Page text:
We hope you all in the Brussels bubble have been busy over the weekend downloading your Twitter archive amid fears it will simply collapse, after the world’s richest man took over the website a couple of weeks ago.
If it does collapse, there might be a slight panic in the EU capital — how we will find out about gossip, or odd articles that you would have not come across otherwise, plus of course futile debates.
However, we are bringing you the agenda for next week, so even without Twitter, you will have an idea about what is happening in the EU.
This week two extraordinary meetings of ministers are expected and some of the issues need to be resolved before the leaders’ summit mid-December, and deep winter.
On Thursday (24 November), energy ministers will have a meeting on the EU Commission’s outline for a gas price-cap.
Governments are split over the informal proposals with Poland, Belgium and southern countries wanting to push ahead, but the Dutch, Hungarians, Germany being more reluctant.
On Friday (25 November), there will be a meeting of home affairs ministers on standoffs in Italy over migrants, and the growing row between Italy and France. Ministers will also look at migrants crossings from Serbia through Hungary’s notorious fence.
In Strasbourg, the European Parliament is holding a plenary seating where on Wednesday (23 November) migration is also expected to be on the agenda.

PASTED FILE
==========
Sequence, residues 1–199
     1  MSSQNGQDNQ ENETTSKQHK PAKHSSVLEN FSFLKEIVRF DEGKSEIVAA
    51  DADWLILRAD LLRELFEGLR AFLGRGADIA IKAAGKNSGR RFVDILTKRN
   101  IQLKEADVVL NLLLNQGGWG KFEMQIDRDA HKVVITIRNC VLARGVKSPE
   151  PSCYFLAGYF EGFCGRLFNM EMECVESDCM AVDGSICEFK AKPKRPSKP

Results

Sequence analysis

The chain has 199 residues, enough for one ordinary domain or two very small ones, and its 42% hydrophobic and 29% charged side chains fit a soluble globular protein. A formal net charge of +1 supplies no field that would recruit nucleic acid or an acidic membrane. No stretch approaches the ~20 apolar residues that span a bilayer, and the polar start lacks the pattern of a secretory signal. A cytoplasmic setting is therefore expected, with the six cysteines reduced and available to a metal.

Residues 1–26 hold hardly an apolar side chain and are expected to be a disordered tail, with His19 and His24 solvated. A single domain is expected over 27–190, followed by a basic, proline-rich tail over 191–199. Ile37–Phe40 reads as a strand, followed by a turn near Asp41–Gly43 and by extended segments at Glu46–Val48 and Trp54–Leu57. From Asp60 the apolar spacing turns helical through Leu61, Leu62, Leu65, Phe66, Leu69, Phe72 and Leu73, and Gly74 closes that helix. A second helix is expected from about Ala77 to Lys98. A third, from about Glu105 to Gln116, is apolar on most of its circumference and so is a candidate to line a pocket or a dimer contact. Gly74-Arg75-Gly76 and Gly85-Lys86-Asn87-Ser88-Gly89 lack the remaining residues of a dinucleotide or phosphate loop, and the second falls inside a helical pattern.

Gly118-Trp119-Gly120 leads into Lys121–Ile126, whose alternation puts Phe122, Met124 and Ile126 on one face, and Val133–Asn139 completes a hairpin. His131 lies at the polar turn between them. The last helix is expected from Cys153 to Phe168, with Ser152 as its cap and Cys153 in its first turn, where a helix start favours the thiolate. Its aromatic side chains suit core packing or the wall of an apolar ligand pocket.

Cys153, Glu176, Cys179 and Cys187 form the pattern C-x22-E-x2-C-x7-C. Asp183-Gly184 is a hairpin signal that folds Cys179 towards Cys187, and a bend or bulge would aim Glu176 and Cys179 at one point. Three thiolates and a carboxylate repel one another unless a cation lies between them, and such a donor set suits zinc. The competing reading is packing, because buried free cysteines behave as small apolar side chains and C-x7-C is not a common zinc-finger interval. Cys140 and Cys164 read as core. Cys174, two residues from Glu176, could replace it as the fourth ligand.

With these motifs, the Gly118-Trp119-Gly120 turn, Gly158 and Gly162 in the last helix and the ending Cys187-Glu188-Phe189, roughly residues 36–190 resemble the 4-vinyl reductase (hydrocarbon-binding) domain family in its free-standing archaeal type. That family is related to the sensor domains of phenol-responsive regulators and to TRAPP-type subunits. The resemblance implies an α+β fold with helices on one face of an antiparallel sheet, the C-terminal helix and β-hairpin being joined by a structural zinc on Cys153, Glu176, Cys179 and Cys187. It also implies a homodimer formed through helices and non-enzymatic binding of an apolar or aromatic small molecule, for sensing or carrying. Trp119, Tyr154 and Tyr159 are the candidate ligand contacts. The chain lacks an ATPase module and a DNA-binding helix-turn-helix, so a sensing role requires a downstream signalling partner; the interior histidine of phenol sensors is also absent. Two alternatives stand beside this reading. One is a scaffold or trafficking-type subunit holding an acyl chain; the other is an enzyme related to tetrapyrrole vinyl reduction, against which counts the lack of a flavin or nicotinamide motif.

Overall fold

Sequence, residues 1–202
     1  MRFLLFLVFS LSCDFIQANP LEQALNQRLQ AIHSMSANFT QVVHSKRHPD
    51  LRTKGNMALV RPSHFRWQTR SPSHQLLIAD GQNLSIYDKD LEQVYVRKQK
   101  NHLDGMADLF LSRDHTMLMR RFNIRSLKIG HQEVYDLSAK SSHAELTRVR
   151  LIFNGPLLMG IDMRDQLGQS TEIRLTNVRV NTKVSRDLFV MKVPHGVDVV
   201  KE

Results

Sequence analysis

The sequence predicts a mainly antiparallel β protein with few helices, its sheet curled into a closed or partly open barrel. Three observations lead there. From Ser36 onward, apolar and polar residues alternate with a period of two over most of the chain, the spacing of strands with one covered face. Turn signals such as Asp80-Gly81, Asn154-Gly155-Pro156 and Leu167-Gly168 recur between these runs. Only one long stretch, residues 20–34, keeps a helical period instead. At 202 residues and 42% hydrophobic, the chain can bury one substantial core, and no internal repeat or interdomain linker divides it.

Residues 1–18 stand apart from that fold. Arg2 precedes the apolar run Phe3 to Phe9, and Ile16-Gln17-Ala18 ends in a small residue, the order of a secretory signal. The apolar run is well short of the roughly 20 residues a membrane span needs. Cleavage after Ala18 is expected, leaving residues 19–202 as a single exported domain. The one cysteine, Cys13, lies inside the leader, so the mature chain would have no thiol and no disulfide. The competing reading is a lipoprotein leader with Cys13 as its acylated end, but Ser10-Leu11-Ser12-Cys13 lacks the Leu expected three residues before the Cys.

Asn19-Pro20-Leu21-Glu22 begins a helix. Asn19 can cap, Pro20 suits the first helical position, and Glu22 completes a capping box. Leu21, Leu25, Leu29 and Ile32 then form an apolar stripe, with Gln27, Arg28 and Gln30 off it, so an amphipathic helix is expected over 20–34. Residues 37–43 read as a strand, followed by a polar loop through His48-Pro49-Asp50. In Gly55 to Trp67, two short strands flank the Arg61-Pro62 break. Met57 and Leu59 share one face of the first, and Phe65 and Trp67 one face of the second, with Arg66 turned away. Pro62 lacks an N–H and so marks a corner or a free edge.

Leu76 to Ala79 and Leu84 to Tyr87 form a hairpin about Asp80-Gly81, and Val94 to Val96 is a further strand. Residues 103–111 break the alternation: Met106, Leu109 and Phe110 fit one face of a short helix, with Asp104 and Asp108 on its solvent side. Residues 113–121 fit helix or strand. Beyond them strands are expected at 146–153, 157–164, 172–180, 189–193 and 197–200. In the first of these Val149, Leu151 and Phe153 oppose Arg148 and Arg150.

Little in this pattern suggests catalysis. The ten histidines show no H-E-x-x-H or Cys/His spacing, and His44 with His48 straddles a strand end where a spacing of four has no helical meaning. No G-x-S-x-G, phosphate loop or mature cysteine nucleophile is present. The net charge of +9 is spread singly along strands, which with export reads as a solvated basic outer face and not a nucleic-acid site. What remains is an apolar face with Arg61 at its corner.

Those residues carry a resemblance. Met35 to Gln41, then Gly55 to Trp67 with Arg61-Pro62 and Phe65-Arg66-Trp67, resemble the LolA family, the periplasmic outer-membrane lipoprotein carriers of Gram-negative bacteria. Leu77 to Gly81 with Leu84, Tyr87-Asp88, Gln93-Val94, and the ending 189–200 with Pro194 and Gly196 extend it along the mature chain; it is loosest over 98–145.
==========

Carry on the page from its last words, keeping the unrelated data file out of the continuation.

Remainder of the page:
Back in the council, on Friday foreign affair ministers will take stock of trade issues.
The EU Commission on Tuesday is expected to lay out its economic assessment and advice to national capitals as part of the European Semester economic package.
On Wednesday, MEPs will vote on a resolution declaring Russia a state sponsor of terrorism.
It is symbolic, but important. War crimes and violations of international and humanitarian law have prompted MEPs to want to prepare for holding Russian president Vladimir Putin and other officials accountable before an international tribunal.
On Tuesday (22 November), MEPs in a formal vote will adopt the so-called Women on Boards directive.
The new rule introduces transparent recruitment procedures for businesses so that at least 40 percent of non-executive director posts, or 33 percent of all director posts, are occupied by the “under-represented sex” by July 2026, using the parliament’s lingo.
Hungary in limbo
MEPs will debate on Wednesday and vote on Thursday on the €18bn financial assistance to Ukraine, which EU governments still need to agree on — and where Hungary is holding out.
Hungary will be on the agenda of the plenary itself too, with MEPs on Monday discussing negotiations between the EU Commission and Hungary on the recovery fund, and the rule-of-law conditionality mechanism, which allows for the suspension of EU funds. A resolution will be voted on Thursday.
The commission was supposed to come with its verdict on Hungary’s rule of law situation on Tuesday, but is likely to only reveal its cards next week.
Qatar in spotlight
On Tuesday, MEPs will discuss with EU foreign affairs chief Josep Borrell the war in Ukraine and its consequences on grain and fertiliser exports.
On the same day, Borrell will also be quizzed on the crackdown in Iran on protestors after the death of Mahsa Amini.
And on Monday afternoon MEPs will talk about the human rights situation in Qatar, as the country hosts the 2022 FIFA World Cup.